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Online Marketing, Techniques, Traditional Marketing

Marketing and Donor Requests

According to the American Marketing Association, marketing is defined as “…the process of planning and executing the conception, pricing, promotion, and distribution of ideas, goods, and services to create exchanges that satisfy individual and organizational objectives.”

Nearly all nonprofit organizations have a goal or objective they want to attain. In the process of reaching that goal, they need “donors” who hear the message and want to be part of that journey. Organizations then apply traditional marketing methods to reach those targeted donors. Sound familiar?

Most plans seek traditional promotional venues to solve their immediate dilemma. If the goal is to increase donor gifts by 10%, most managers rush to mainstream media (radio, billboard, newsletters, and telemarketing) as a solution. This unidirectional approach delivers a stream of messages from the organization to the targeted audience with little regard for their current circumstances. Without this understanding, the channel proposed may not be suitable for the intended audience.

Try starting with your donor base and work your way back to the organization. This exercise will unveil the most direct and meaningful approach to achieving your objective. You might save yourself time, energy, and valuable resources in the process! How do you approach your donor base? If they are truly integral to your cause, understanding what’s important to them will help shape your marketing plan.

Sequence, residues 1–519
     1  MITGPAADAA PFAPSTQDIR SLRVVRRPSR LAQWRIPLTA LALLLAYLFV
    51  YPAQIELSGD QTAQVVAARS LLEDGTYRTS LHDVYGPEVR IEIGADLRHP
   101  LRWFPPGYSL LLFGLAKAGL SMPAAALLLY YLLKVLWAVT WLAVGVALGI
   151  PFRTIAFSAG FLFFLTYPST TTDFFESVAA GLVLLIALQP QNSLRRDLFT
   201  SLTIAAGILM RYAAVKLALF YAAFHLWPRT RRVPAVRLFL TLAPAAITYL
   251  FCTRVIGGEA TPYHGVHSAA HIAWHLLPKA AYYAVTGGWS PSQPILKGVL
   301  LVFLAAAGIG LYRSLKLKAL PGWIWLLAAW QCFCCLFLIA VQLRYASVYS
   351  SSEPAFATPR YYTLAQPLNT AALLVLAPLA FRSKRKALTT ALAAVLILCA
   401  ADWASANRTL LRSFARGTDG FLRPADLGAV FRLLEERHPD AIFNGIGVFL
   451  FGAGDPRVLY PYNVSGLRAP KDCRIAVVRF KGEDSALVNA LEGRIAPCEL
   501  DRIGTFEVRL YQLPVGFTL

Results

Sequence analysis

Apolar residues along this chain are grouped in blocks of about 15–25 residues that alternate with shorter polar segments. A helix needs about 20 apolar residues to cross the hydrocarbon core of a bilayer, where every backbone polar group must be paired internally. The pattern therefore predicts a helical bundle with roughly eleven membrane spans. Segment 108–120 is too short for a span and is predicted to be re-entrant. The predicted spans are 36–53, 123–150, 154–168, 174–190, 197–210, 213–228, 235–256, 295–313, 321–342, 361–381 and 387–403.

Value Proposition defines what your organization can do better than anyone else and secondly, why that’s important to the donor. If your mission/vision statement is not clear on that point, how can the rest of your organization and donor base feel the same way?

Does your collateral material mirror what you do?  Is your organization’s message compelling and meaningful? Most nonprofits utilize volunteers or “friends” who can acquire an occasional story in the local paper or regional magazine. If scarce monetary resources are one of nonprofit’s toughest dilemmas, let marketing public relations provide a venue to achieve your goal at minimal expense.

Every aspect of your messaging, both visual and intangible, should specifically point to that mantra. Although a brand represents a culmination of all attributes, we really only remember one distinct thing. Let’s start with your logo and tagline. A tagline should be both emotional and descriptive. Does your tagline capture the essence of your value proposition? Does it instantly tell the potential donor who you are and what your purpose is? The by-product of your messaging should generate passion and action.

Most messages are directed at attributes and correlate cause to effect. This approach lacks inspiration and polarizes the recipient. Does your message invoke passion and action? Every message you produce (business cards, newsletters, website, etc.) culminates into a single, brand position. Each additional layer of messages you generate are either acknowledged or disregarded by the donor based on your original pronouncement. Be mindful of the context and character your organization delivers.

Need help?  Give us a call: 707.745.3738.

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